We did a high rise project years ago, 70 units + / - and 20 had Gaggenau slide out vent units. Between our design of the units, production , delivery / install, ordering and install of appliances - there was a wholesale change to the hood that was not published anywhere. It was only when our installers couldn't fit the units in the custom cabinets that we discovered the problem. Did Gaggenau replace or pay for the units we couldn't use- NOPE ! Didn't pay for our 20 worthless cabinets from Germany either. We ended up using a Miele unit because the it could be used with a slight modification to the cabinets we had.

What I can tell you is the website was updated within two weeks of our discovery. SO, what's the point of that story ? Errors happen, drawings are wrong and the manufacturer will not be responsible. Doesn't mater if they are bottom of the quality chain or the top - or whether you buy a kitchen full of $$$ appliances or an entire skyscraper's worth.

My second point is - You'll have to deal with the solution. It stinks, is not fair, ect... but it's reality.

Lastly, you're right jelly, no one expects poor anything, it's human nature. But I think more people should be LESS SURPRISED when they have problems with things in today's bigger , cheaper, deliver it faster world. Efficiencies just don't keep up so quality suffers.


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RE: Viking D3 warning

xedos, your post makes me sad. Yes, of course I see the pattern, and it is quite disheartening. Many of us post about our problems out of frustration that the people who sold us our goods don't really care. My main frustration lies in the fact that I can remember when we bought things expecting them to be good. Now we buy them expecting the worst and hoping for "acceptable." And it is even more frustrating when mediocre, or even shoddy, is considered acceptable. I do agree that people are LESS SURPRISED when they buy things in "today's bigger, cheaper, and deliver it faster world." But there is nothing cheap about a Viking's price tage and therein lies the surprise ... you didn't get what you paid for.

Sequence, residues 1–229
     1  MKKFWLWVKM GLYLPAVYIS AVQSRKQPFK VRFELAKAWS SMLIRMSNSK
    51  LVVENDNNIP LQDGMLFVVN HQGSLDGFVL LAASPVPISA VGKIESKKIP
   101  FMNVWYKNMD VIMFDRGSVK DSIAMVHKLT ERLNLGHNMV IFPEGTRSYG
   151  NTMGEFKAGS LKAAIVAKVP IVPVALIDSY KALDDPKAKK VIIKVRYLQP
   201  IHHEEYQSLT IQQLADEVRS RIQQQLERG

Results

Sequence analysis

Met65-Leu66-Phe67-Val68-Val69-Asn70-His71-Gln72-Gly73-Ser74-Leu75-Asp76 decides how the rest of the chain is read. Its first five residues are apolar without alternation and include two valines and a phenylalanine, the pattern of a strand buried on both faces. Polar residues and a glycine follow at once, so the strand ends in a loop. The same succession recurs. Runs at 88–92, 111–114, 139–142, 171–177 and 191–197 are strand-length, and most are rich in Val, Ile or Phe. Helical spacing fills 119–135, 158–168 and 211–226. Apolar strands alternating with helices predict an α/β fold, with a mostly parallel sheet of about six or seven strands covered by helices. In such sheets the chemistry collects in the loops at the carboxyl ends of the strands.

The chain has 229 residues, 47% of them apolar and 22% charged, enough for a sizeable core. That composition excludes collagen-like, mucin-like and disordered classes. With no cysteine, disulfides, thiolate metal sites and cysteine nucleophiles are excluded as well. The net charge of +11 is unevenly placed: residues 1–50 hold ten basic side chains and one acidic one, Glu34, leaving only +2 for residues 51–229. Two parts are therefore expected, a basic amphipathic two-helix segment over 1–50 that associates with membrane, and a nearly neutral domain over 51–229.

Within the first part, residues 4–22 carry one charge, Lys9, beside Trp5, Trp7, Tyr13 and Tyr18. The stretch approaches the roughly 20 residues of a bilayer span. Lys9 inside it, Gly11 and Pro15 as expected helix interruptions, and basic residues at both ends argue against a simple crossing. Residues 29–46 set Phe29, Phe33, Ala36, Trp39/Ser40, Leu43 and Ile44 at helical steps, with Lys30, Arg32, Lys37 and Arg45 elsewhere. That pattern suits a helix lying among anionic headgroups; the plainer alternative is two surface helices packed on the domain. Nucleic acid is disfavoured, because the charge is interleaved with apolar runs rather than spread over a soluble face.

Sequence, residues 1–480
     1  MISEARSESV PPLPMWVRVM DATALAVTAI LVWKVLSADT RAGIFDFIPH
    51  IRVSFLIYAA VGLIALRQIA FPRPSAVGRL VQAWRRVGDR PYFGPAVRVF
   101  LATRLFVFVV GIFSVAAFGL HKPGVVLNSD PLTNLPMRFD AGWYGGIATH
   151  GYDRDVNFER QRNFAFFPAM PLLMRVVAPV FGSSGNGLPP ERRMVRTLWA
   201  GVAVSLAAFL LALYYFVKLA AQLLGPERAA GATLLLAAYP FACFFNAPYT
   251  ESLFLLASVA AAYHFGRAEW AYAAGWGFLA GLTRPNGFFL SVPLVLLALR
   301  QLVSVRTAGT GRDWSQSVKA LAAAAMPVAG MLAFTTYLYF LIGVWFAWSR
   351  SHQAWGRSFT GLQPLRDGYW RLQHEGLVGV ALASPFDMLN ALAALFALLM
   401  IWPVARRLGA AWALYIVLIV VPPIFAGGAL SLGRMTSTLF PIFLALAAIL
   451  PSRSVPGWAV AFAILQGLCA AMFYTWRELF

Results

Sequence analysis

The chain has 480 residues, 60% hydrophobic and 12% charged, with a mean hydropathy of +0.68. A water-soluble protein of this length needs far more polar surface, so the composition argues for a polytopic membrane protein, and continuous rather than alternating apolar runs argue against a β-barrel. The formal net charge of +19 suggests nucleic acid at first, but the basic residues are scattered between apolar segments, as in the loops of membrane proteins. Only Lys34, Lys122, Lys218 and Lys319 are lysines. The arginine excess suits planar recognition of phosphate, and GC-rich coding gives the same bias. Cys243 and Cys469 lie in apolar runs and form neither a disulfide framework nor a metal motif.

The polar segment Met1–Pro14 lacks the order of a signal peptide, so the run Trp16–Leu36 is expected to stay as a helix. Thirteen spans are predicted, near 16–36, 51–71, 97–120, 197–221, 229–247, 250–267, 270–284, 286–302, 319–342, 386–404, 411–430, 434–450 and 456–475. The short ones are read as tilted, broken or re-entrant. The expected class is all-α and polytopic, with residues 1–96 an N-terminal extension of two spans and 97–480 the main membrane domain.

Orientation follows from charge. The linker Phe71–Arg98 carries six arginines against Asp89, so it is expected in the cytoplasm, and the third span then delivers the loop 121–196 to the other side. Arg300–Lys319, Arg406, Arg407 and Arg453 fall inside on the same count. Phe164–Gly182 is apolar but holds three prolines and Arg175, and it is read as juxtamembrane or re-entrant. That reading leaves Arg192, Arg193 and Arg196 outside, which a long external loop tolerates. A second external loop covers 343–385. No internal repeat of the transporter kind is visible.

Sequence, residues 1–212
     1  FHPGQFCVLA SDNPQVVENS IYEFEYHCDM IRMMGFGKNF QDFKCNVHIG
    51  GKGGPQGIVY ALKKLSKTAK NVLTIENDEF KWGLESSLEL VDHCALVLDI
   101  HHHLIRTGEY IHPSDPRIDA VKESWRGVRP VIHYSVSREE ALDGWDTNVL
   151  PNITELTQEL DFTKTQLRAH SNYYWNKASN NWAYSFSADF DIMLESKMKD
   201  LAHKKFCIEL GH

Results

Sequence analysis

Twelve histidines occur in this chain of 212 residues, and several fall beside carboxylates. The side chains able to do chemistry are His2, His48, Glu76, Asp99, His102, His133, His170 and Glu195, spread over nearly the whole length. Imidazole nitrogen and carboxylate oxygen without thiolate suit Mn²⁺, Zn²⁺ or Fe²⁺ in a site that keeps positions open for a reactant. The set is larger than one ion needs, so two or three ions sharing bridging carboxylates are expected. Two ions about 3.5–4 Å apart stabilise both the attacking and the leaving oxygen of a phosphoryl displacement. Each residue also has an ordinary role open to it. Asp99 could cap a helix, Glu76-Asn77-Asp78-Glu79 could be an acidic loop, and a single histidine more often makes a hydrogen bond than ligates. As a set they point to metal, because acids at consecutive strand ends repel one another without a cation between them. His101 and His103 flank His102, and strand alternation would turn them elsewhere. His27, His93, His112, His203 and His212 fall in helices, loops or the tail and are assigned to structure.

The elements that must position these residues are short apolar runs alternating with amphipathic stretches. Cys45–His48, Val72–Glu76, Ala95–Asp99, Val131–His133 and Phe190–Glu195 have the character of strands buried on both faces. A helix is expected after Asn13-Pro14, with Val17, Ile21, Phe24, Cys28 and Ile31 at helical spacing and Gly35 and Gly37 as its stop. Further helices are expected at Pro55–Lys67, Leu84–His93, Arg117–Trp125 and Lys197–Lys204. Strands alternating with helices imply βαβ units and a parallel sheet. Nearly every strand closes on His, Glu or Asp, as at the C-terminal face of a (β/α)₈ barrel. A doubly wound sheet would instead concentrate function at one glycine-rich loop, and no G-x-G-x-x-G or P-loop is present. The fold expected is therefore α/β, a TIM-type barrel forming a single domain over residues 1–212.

I still hold to the idea that it should be the manufactures responsibility to get the specs right, regardless of any wording they might use in their disclaimers. Otherwise, what's the point in even printing them at all?


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RE: Viking D3 warning

Kitmu, there may be another problem... You are not supposed to push the D3 under a back splash or counter. The part you are trying to put under your countertop is the vent for the range and oven.

You only mention a D3 range so I'm guessing that it's a RDSCG, RDSCD, or RDSCE. The rear vents for these ranges are what you are trying to put under your counter.
Not a correct install and dangerous.


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RE: Viking D3 warning

Jakvis, what exactly would be the problem? The openings in the vent do not go all the way to the back, so they would not go under the backsplash; that part would just be solid stainless. Is that still a problem??


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RE: Viking D3 warning

Good point, jakvis!


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RE: Viking D3 warning

Posting a shot of what it would look like installed. You can see that the vents do not go underneath the backsplash, but they are pretty close. I really don't want to do anything dangerous, so I would love feedback on what you think.


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RE: Viking D3 warning

The vent holes on your configuration look very similar to how my Viking looked after installation, so it doesn't appear that you'd have a problem with proper venting.


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RE: Viking D3 warning

Kitmu - your stone backplash looks to be approx 3/4 in thick. If you went under the stone you may be blocking the venting. These vents are engineered to move a specific amount of air and ANY blockage / restriction could cause issues with the performance of your range.
The way your photo shows the vent under the backsplash also may cause more than the designed amount of heat to go to the stone and possibly cause it to crack.

Also any installation not following the manufacturers instruction may void your warranty.

1 more thing - you said the backsplash was Caesarstone. It's been reported that some of these manufactured stones don't hold up to high heat very well

This post was edited by jakvis on Wed, May 1, 13 at 21:11


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RE: Viking D3 warning

Kitmu - these guys are right, that vent is not designed to be covered up !